Christmas Carol Tea Party
When traditional ideals seem to be a thing of the past, why not be the first to bring it back? Invite your friends, neighbors, and family to a Christmas Caroling Tea Party.
Sometimes nothing more can make us happier than to “remember the good ole days”! You can start a new tradition while you hark back to those old days by passing on cheer and good spirits during economic hard times.
Your party can be as elegant as you would like and make it a couple’s affair, or have the children join in and families can enjoy the experience of caroling together. You can introduce this to your neighbors by way of your homeowners association. The association may even offer to help with expenses!
While your home is dressed in its Christmas best, stoke a fire and put on caroling music.
When your guests arrive, have a vote on the carols you will sing while passing out the hot tea drinks.
If the weather for your planned caroling date proves too cold, do your caroling inside for each other. But if the weather is pleasant enough; bundle up the kids and take off to ring the bells and knock on doors of the neighbors and provide cheer. Your enthusiasm may catch on and others may join your group. The elderly especially enjoy the carols being sung to them. You can take your party one giant step further by bringing your party to the nearest nursing center or retirement home. Don’t forget to call ahead to make sure you have permission to come and sing.
The history of the carol is somewhat unclear. It is believed that carols originally were circle dance songs that were accompanied by singing. Most carols are almost always associated with Christmas, or used in a religious way. The songs were very popular in the period from 1300- the middle 1500’s. But by the 16th century caroling disappeared! They reappeared again in the 18th century. This is when the majority of the songs sung today were written.
I thought that since we were trying to bring back the old fashioned and the traditional, I stumbled on an old recipe that was so appropriate for the Christmas Carol Tea.
This recipe involves plenty of labor, but I’m sure you and your guests will appreciate your hard work when you serve your creation.
Swedish Tea Ring (or it has been called Swedish Tea Wreath)
You will first start by making the sweet roll dough, (simple yeast dough)
Here’s what you will need:
1 pkg. of active dry yeast
˝ c. warm water (105-115 degrees)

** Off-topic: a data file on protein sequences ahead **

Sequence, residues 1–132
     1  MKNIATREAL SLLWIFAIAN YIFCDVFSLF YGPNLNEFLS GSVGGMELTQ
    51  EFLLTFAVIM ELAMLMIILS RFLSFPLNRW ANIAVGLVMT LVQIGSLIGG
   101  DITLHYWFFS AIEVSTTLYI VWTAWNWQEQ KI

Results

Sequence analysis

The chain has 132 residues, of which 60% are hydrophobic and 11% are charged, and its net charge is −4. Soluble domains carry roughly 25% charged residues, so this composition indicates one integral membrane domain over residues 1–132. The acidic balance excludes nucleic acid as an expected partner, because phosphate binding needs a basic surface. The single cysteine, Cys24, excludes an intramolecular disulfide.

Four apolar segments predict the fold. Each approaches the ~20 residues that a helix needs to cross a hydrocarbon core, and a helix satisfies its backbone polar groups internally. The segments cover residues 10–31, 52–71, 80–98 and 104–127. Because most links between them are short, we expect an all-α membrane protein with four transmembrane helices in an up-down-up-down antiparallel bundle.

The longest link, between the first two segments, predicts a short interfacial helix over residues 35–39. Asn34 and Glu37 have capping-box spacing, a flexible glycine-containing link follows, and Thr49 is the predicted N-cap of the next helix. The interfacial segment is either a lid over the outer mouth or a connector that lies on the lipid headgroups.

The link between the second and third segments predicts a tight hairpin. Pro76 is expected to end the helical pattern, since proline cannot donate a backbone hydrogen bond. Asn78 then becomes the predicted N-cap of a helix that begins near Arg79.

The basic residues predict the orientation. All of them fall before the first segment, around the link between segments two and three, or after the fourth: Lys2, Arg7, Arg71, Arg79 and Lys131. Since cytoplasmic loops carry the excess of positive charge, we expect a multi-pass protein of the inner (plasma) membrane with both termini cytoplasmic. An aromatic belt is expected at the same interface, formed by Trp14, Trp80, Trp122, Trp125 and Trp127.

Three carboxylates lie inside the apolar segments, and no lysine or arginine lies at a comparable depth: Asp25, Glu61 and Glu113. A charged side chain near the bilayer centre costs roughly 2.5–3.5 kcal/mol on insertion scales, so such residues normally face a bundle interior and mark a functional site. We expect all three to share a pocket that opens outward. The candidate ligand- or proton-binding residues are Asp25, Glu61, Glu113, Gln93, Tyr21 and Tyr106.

˝ c. lukewarm milk (scald milk then cool)
1/3 c. white sugar
1/3 c. shortening, soften (can use margarine, or butter if you desire)
1 tsp. of salt
3-1/2 to 4 c. of all-purpose flour
1st- in a large bowl dissolve you yeast in the warm water. Then stir in milk, sugar, salt, egg, shortening, and add 2c. of the flour. Beat this until your mixture is smooth.
Now turn your dough on a floured surface. Knead until smooth and elastic; about 5 minutes. Place your dough in a greased bowl. Cover. (I use a dish towel) Let rise in a warm place for about 1 ˝ hours. The dough should double. If you push on the dough and the indentation remains when touched your dough is ready.
While you were waiting for the dough to rise, here is the filling recipe. Our family has used cinnamon-raisin filling, but you can substitute other fruit filling if you desire.
2 tbsp. margarine or butter softened
˝ c. packed brown sugar
2 tsp. ground cinnamon
˝ c. of raisins
Mix together, that’s it.
When the dough is ready, roll only ˝ of dough in a rectangle about 15 x 9 (roll on floured surface)
Spread and/or sprinkle cinnamon raisin mixture on dough.
Now roll up very tightly on the 15” side, and pinch the edge of the dough so it seals.
With your sealed edge down shape into a ring on a lightly greased cookie sheet. Pinch ends together with scissors, making the cuts only about 2/3 through at about 1” intervals or so. Then turn the section on its side. Let sit for about 40 minutes. It will rise and double.
While it is sitting preheat oven to 350 degrees and prepare glaze.
For simple glaze:
Mix 1 c. powdered sugar
1 tbsp. milk
˝ tsp. vanilla extract
Mix the ingredients together until smooth and desired consistency.
Bake your Tea Ring until golden brown about 25 to 30 minutes. (If too much browning occurs cover edges with foil).
When ring is done baking, spread with the glaze. You can also decorate with cherries and nuts if desired.
Yield one coffee cake.
So in three large steps you can create an old fashioned recipe to present at your Christmas Carol Tea Party.
Have fun and pass on cheer and hope for a safe and prosperous new year to come!